Law enforcement can use civil asset forfeiture to seize property they believe has or will be involved in a crime. Law enforcement can use civil asset forfeiture to seize cash, a vehicle, personal belongings, or even a house. In Texas, an asset forfeiture proceeding is civil. Prosecutors charge the property, not the owner, with involvement in a crime. Judicial forfeiture by the court does not require criminal action. Instead, it is a proceeding filed in court against the property in question. Administrative forfeiture of property can happen without the necessity of court involvement. 

The Process of Civil Forfeiture in Texas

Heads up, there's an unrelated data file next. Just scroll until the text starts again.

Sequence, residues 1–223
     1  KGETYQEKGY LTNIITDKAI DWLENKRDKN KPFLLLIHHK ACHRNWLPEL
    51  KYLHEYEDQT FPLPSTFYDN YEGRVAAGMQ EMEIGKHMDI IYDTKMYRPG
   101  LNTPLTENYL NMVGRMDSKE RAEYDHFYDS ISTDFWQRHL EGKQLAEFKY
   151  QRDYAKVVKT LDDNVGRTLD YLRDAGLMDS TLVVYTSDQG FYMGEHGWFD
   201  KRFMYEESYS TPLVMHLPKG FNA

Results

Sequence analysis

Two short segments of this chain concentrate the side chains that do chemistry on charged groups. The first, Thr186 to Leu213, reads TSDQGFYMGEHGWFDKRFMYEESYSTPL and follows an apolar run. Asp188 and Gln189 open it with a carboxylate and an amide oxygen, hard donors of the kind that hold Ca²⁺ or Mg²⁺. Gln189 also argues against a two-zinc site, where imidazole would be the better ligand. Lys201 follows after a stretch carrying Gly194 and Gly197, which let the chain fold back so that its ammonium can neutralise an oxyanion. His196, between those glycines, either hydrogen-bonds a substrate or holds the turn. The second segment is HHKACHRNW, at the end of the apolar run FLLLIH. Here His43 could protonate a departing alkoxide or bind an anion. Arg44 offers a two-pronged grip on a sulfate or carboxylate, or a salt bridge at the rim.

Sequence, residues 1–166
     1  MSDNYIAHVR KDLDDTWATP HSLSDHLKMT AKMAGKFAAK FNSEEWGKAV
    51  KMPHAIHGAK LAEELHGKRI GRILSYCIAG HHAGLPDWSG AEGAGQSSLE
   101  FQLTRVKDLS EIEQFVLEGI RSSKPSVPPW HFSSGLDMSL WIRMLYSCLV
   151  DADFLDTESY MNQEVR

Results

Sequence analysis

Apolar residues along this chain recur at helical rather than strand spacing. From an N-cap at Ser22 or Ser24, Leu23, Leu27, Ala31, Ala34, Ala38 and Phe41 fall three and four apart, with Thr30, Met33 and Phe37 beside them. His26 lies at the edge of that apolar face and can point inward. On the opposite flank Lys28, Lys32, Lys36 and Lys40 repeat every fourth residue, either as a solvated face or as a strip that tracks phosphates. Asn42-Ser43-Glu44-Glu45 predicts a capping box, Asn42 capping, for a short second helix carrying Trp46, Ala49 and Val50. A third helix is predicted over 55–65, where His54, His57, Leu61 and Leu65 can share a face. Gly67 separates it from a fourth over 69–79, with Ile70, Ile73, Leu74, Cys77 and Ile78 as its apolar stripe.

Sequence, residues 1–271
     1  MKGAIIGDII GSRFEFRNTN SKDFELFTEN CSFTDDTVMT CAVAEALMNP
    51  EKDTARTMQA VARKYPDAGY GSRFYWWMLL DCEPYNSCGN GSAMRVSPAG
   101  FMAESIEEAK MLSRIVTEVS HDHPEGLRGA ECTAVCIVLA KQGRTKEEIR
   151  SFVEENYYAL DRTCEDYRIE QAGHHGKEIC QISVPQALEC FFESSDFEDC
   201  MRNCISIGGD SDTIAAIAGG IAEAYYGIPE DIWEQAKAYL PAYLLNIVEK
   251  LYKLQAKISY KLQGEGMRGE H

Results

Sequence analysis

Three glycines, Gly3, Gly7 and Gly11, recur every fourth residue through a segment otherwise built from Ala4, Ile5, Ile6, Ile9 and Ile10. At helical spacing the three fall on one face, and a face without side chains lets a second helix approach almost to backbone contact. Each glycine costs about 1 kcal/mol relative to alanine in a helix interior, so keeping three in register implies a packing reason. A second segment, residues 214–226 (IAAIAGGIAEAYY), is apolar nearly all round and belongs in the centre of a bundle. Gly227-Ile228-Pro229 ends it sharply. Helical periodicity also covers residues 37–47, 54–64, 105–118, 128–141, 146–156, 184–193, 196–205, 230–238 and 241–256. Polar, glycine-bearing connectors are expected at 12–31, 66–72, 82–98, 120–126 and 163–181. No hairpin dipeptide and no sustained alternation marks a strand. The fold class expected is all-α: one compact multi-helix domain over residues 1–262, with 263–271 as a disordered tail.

Civil asset forfeiture laws have been and used for decades in Texas. These laws were originally intended to take down criminal organizations by seizing their assets, so they can no longer operate. Unfortunately, law enforcement agencies and prosecutors have abused civil asset forfeiture programs in the past. In many cases, innocent Texas residents lose their property because they lack knowledge of civil forfeiture laws and the proper proceedings to challenge them. Many people do not realize that you can lose your property through civil forfeiture even if you have never been convicted of a crime.